Another way to explore the influence of features on target variable is by using a scatter plot that shows feature values and their Shapley values. In the figure 15 below, the x-axis is the value of the feature and y-axis is the Shapley value for this feature. A very useful option is to include the interaction effect with other features via interaction_index parameter.

shap.dependence_plot(1, shap_values, X_train_df, interaction_index='euribor3m)

If we examine how the contact number during campaign influenced the Shapley values and thus likelihood of subscribing, we see that as the number of calls increased, the marketing campaign effectiveness deteriorated. Plot also indicates that during the period of financial crisis (low euribor3m, blue dots) the bank rarely contacted a client more than 15 times.


Figure 15: SHAP dependence plot

Summary Plot With SHAP

The SHAP summary plot shows us an even more detailed view of the effect of features. Each point on the SHAP summary plot chart (Figure 16) shows the Shapley value for the feature and an instance. The colour of the point indicates the relative value of the feature (red: high and blue: low). The points are also slightly jittered for better display of distribution of Shapley values.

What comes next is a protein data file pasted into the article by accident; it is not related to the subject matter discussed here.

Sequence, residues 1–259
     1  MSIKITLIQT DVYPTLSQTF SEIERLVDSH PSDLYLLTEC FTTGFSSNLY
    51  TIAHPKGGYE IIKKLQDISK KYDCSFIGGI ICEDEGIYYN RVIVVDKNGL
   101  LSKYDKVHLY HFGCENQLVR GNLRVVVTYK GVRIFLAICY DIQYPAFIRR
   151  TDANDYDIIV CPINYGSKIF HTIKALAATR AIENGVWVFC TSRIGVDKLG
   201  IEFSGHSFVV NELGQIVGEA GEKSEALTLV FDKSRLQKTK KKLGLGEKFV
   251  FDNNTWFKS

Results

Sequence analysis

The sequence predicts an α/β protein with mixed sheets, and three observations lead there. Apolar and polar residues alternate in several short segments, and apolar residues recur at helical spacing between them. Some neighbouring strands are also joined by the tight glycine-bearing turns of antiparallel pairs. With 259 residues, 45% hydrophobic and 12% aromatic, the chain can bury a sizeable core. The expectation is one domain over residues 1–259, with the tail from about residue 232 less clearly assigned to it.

shap.summary_plot(shap_values, X_train_df,  feature_names=all_features)

Figure 16: SHAP summary plot

As already noted previously, high (low) values of euribor3m have a negative (positive) impact on model output.

The Contact_type_cellular part of the chart indicates that cellular contact type (value of 1=red) has a positive contribution to likelihood of subscribing, we already noted this effect when examining distribution plots.

A notable feature is also contact_number_during_campaign. When the number of contacts is high (too many calls to the customer), it has a significant negative impact on the probability that they will subscribe to deposit.

Days_from_last_contact is another feature with a large impact on model outcome. Small value of this feature, indicating recent contact from previous campaign, significantly increases the likelihood of subscribing. A High number of days from last contact, on the other hand, has a relatively muted impact, but on the downside.

The month of contact has an important impact on outcome, with October having a positive effect, May negative and August also negative.